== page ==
Sunum, ss.1-2, 2020
Even though infection of thoracic aortic grafts is rarely seen, management of these cases still remains a real challenge in current clinical practice. The treatment of complete removal of the infected graft and radical debridement has been accepted as the gold standard. Reoperation has been shown to be a high mortality situation (1). In situ graft-sparing surgical therapy with aggressive debridement has been proposed as a promising alternative to conventional treatment in patients with thoracic graft infection. Umminger et al (2) showed that conservative or graft sparing policy with debridement and mediastinal irrigation was a comparable approach to reoperation with graft reimplantation if performed less than one month after surgery in the treatment of thoracic graft infection. On the other hand, patients with anastomotic pseudoaneurysms, graft-enteric fistulas, and the graft infection due to invasive gram-negative organisms, such as Pseudomonas or Salmonella species are not suitable for a graft sparing approach.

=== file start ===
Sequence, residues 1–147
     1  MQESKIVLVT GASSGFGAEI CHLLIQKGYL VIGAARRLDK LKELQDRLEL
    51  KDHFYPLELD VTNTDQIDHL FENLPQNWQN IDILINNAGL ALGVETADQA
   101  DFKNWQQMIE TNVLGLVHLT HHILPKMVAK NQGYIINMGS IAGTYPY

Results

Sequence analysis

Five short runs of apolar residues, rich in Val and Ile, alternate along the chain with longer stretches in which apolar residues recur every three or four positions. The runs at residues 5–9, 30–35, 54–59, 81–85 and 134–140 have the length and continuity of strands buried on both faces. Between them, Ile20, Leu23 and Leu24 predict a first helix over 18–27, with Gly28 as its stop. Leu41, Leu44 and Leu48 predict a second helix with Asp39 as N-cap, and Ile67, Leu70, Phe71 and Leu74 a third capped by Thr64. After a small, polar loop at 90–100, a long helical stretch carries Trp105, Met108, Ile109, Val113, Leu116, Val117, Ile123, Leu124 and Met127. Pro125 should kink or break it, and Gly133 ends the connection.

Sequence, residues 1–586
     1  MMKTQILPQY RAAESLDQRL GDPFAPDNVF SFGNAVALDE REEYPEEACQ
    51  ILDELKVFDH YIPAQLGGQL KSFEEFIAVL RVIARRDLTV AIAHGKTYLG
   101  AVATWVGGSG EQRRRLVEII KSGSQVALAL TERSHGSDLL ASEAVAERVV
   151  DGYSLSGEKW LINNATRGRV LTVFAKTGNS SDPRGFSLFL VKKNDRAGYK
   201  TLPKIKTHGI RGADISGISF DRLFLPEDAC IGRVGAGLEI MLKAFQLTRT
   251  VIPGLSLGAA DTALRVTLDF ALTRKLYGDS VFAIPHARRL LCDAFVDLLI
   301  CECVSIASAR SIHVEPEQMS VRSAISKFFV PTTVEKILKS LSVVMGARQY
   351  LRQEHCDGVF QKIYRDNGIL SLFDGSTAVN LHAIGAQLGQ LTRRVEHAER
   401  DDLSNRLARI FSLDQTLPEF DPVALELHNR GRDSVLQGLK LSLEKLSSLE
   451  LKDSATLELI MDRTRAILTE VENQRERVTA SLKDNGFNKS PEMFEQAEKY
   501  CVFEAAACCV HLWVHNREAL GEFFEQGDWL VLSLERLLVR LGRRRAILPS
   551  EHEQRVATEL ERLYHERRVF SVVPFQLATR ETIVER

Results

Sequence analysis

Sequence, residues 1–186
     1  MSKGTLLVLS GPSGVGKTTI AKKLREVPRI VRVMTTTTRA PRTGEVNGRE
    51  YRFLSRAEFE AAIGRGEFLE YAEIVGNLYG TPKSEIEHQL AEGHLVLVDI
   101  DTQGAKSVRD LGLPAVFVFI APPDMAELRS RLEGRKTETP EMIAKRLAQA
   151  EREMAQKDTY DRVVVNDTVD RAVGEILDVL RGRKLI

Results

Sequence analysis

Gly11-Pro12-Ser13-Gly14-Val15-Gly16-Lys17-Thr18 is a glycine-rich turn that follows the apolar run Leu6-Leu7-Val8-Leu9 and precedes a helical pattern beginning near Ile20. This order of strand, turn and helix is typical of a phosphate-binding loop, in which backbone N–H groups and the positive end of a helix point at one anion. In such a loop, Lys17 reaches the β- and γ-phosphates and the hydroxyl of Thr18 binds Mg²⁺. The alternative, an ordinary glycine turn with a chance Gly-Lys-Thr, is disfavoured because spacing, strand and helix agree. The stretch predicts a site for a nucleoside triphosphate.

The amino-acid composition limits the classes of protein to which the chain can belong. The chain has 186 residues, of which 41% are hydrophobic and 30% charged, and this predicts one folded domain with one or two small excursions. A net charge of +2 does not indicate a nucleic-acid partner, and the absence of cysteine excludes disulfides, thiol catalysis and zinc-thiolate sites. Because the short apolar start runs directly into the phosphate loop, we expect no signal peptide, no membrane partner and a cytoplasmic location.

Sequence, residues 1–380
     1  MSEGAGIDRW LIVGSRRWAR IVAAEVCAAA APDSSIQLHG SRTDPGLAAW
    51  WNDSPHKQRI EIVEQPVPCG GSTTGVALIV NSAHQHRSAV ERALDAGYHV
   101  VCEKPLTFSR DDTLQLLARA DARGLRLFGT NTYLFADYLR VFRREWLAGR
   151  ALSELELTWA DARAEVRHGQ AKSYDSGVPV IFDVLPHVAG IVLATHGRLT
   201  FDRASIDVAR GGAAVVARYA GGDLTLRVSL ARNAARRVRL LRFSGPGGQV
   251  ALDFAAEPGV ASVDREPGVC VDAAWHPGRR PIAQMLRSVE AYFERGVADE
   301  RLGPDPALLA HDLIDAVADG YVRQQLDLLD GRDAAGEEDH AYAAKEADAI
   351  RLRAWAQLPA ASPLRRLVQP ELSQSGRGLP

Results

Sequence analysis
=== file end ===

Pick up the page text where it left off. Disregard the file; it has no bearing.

The greater omentum is a double layer of peritoneum that hangs down like an apron from the greater curvature of the stomach, and it ascends to the transverse colon before reaching to the posterior abdominal wall. The greater omentum is a mobile structure and its length shows variation. Omentoplasty via wrapping the greater omentum around the infected graft is an adjunctive procedure in graft sparing approaches in the treatment of thoracic graft infections (3). As the omentum has a vast majority of blood vessels and lymphatics, the omentum seems to be the best material to fulfill the perigraft space and it, thus, facilitates the elimination of microorganisms on the prosthetic material. In this paper, the authors present the successful treatment of early graft infection after valve-sparing root replacement in a 54-year-old man using aggressive debridement of the perigraft infectious tissue, omentoplasty, and continuous mediastinal antibiotic irrigation.